“I am not an advocate for frequent changes in laws and constitutions. But laws and institutions must go hand in hand with the progress of the human mind. As that becomes more developed, more enlightened, as new discoveries are made, new truths discovered and manners and opinions change, with the change of circumstances, institutions must advance also to keep pace with the times. We might as well require a man to wear still the coat which fitted him when a boy as civilized society to remain ever under the regimen of their barbarous ancestors.”

It is challenging to determine how much to blame our antecedents for their inconsistency and their failures, as I’m sure we will be called to reckon for ours by our descendants.  Nearly the entirety of human history has been rule by alpha male, as seen in both tribal and monarchical settings, differentiated only by the level of economic development.  As the courage of proto-libertarians caught up to those alpha males, advancements like the Magna Carta and representative government limited the absolute power of those who sought to dominate others through force.  Constitutions and some democratic procedures were established and finally warded off some of the more major predations of the rulers.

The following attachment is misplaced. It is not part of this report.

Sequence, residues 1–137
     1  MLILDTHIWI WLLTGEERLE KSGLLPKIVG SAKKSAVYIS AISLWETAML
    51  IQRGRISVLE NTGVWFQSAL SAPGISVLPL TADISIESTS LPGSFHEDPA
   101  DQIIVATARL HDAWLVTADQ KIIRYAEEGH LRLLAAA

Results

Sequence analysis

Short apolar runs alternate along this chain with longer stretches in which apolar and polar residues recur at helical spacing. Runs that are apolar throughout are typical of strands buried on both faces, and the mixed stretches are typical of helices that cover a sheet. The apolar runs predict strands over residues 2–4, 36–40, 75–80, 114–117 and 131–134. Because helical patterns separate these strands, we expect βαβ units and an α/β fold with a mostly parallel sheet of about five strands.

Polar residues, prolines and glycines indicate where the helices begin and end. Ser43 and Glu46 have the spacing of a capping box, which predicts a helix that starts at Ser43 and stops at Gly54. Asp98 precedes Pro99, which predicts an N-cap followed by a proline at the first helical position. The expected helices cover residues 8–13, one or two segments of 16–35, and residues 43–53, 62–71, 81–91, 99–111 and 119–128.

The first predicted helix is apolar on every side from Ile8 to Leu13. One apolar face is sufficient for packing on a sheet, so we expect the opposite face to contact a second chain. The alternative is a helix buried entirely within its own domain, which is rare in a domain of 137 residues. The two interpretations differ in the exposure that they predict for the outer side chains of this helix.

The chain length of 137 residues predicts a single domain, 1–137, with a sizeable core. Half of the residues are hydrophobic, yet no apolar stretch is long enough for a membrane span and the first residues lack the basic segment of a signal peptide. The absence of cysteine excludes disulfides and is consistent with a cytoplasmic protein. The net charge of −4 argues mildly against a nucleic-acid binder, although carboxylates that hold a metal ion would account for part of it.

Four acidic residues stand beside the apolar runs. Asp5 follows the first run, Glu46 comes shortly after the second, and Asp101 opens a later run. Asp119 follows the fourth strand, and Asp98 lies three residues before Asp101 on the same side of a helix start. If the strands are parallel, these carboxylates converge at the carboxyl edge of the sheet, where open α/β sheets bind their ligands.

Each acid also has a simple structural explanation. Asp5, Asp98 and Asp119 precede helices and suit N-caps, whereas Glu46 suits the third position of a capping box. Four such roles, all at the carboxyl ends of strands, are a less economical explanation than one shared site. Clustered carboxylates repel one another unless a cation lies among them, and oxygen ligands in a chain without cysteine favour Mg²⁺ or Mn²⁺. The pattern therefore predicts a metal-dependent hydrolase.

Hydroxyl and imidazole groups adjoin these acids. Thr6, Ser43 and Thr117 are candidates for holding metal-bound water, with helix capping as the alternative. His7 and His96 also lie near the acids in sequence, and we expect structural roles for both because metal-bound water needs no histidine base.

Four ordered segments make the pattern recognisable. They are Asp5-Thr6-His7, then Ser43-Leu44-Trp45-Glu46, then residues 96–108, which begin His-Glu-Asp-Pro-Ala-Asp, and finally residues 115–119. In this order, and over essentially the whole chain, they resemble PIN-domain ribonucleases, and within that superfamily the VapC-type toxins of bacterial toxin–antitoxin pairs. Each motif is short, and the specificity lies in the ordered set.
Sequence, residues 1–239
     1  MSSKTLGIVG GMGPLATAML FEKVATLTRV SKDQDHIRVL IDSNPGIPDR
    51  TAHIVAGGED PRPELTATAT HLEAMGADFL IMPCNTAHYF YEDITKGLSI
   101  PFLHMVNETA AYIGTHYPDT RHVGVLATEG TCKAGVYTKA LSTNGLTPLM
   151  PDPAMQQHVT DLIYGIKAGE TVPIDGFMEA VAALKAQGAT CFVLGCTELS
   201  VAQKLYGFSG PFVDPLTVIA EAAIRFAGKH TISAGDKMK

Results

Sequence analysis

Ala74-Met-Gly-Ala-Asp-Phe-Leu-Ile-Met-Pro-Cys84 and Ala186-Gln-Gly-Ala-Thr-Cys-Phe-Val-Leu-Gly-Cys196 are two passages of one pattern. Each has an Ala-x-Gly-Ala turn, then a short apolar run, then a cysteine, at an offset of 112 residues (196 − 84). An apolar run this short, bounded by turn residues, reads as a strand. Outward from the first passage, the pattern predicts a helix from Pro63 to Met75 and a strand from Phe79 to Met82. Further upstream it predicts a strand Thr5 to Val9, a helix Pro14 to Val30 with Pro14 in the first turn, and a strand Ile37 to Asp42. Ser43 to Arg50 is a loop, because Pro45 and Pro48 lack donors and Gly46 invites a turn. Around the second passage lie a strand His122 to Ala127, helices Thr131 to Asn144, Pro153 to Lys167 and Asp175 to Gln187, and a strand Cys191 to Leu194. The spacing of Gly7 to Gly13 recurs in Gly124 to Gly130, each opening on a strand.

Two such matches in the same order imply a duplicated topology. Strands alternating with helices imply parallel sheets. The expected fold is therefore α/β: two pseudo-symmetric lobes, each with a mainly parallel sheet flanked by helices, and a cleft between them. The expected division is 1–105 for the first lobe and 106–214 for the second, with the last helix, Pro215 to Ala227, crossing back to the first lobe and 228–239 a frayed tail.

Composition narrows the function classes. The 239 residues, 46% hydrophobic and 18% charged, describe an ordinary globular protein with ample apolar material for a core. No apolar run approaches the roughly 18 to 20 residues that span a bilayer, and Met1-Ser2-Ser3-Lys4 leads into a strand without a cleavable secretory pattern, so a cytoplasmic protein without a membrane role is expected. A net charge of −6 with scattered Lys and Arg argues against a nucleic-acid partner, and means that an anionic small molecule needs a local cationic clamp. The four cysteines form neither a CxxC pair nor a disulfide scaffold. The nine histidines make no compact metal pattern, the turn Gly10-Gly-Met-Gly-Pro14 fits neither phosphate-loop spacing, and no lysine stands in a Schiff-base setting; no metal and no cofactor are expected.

The founding of the United States of America by Thomas Jefferson and his peers was possibly the biggest step forward in the history of the world toward liberty.  The founders never made it to complete consistency, and now, as I peer back across the dimension of time seeking to understand them and why they left this last battle for us to fight, I can’t help feel a little resentful.  I am very thankful for them who brought us from monarchy to republic and the Constitution but their legacy has still left us short of the statelessness, the next step in the evolution of political philosophy.

The narcotic fireworks and exquisite Greek architecture can strengthen the loyalty to the local state for the average person, but lets not leave our descendants in want for a more consistent and reasonable world in the way that we presently react to the country the Founding Fathers of America left for 21st Century Americans.

Let’s leave posterity the gift of statelessness and their own undiluted freedom to create beautiful explosions for and to erect monuments to.

July 4th, 2010 Fireworks at the Lincoln Memorial, National Mall, Washington DC

July 4th, 2010 Fireworks at the National Mall, Washington DC